Affordable Housing Coalition Proposes Fee on Developers

The "housing impact fee" would be an attempt to raise money for the Housing Trust Fund.

Affordable housing advocates are pushing for a bill that would fund affordable housing with an "impact fee" on new construction. | iStock photo

Affordable housing advocates are pushing for a bill that would fund affordable housing with an “impact fee” on new construction. | iStock photo

The real estate market in Philadelphia is obviously doing well right now. It seems like every week we’re writing about a new apartment high-rise that is being built. But while all the high-end living spaces are great, one downside to this robust market is the way it changes the neighborhoods that are being developed. Prices are skyrocketing and locals across the city are being pushed out in favor of people who can afford to live in and around the new developments.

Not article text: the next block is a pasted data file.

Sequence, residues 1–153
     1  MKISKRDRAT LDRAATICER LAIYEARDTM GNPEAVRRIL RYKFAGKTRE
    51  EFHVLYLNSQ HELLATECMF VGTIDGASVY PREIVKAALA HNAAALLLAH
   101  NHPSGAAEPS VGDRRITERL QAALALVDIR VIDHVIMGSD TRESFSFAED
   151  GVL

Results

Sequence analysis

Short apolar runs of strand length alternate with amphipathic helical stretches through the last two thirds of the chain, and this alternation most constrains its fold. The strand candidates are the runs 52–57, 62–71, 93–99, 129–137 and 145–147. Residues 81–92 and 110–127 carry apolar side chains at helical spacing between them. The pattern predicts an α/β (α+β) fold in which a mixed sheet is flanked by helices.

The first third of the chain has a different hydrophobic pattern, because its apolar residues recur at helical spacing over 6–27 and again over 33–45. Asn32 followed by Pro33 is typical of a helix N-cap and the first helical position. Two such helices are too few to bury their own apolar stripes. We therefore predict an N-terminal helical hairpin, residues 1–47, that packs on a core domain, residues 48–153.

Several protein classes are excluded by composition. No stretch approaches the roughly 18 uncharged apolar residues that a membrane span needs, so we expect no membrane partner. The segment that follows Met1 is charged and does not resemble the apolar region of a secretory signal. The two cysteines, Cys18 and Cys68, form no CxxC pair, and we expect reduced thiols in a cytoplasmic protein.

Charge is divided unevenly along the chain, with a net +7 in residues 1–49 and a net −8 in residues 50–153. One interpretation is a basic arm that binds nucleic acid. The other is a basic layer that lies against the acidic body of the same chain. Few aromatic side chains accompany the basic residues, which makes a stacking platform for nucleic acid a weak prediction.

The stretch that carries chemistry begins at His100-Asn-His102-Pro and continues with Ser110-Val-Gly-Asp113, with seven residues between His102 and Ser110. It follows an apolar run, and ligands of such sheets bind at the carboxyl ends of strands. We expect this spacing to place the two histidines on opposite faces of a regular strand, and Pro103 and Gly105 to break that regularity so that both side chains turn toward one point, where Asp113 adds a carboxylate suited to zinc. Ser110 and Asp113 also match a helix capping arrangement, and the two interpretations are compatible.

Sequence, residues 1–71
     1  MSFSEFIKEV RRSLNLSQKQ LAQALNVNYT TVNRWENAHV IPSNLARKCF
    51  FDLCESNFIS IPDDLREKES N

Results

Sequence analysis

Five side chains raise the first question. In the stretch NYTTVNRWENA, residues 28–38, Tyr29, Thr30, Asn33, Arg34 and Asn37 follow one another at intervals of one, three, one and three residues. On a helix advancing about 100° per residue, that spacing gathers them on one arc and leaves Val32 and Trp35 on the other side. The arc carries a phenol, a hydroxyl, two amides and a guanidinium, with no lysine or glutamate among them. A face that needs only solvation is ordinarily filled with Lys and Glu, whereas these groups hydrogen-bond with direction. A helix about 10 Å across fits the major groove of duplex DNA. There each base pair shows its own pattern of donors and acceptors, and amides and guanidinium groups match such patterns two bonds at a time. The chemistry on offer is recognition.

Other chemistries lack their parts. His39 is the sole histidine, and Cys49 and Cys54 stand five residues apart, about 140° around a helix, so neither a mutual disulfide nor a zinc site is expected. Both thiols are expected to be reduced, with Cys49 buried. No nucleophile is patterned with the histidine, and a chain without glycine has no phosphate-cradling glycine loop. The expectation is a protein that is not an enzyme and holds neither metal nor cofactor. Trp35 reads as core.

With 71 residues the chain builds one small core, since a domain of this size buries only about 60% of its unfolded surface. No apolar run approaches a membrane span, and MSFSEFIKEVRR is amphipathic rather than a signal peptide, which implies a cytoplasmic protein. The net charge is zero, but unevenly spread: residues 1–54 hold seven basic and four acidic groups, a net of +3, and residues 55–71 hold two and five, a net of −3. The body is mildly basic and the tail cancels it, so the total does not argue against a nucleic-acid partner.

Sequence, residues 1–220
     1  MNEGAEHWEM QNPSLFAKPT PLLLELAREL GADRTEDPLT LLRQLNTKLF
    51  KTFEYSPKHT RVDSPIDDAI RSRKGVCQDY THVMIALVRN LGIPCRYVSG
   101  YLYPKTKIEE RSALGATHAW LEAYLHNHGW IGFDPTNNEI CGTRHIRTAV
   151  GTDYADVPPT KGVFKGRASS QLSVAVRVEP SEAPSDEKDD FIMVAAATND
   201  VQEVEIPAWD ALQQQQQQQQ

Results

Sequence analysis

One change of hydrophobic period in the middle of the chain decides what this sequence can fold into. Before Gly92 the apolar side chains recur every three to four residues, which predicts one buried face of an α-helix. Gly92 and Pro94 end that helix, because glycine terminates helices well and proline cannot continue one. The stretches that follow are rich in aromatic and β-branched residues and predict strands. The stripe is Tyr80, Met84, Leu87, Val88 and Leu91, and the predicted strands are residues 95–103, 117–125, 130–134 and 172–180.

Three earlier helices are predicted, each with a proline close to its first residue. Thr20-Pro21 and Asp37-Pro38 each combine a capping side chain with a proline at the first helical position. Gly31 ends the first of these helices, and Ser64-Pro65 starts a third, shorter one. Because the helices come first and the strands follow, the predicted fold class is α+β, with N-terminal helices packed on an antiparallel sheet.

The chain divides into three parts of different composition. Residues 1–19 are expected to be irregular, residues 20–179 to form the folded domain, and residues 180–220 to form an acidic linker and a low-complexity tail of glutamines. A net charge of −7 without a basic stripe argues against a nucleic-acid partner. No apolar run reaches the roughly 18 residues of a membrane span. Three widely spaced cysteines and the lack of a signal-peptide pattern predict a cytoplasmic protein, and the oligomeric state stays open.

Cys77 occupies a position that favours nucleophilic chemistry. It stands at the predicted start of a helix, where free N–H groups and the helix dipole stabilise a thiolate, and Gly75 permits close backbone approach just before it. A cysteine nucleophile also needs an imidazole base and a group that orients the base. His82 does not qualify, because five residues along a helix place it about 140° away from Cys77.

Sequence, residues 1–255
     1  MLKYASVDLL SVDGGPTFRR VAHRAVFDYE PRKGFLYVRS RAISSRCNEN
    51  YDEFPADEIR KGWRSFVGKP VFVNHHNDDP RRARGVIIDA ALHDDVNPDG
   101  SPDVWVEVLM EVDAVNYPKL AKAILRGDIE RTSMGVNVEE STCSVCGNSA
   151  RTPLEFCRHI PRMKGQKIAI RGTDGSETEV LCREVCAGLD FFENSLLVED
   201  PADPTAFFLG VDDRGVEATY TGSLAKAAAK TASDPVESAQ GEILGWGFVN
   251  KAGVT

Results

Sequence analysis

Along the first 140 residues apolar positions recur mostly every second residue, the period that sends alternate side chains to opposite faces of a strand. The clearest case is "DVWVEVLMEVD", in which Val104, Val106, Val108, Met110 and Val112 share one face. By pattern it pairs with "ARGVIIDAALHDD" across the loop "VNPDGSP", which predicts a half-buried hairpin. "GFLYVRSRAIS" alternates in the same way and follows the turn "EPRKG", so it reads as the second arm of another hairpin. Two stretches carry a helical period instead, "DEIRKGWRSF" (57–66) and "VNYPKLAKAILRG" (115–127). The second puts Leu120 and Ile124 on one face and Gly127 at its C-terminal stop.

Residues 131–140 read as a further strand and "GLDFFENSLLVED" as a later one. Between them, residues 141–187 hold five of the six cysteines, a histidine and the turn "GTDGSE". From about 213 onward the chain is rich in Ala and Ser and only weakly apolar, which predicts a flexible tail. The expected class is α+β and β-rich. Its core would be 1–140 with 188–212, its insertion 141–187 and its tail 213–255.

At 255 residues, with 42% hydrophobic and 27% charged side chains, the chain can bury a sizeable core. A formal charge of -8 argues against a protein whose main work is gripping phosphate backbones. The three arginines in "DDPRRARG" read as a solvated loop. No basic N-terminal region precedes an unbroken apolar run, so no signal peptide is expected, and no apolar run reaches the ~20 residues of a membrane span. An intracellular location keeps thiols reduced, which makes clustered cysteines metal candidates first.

Katie Colaneri at NewsWorks reports that the Philadelphia Coalition for Affordable Communities has an idea to combat that: a “housing impact fee.”

The fee would require developers to pay between $1.10 and $4.80 per square foot of new houses and apartment developments to Philadelphia’s Housing Trust Fund, which is used to help develop affordable housing in the city. A report from the coalition found that the plan could raise between $3.4 million and $12.2 million for the Fund.

Per Newsworks:

Right now, the fund’s sole source of revenue comes from a portion of the mortgage and recording fees paid by new homebuyers or when transferring a home to an heir. Last year, the fund took in $11.7 million, which advocates and politicians agree is not enough to meet the need for affordable housing in Philadelphia. The goal of groups such as the coalition and the Philadelphia Association of Community Development Corporations is to increase annual revenue to $25 million.”

According to Colaneri, City Council members and Mayor Kenney’s office have each said they would consider this proposal, among others, to build the Housing Trust Fund.

Here’s the full article from NewsWorks.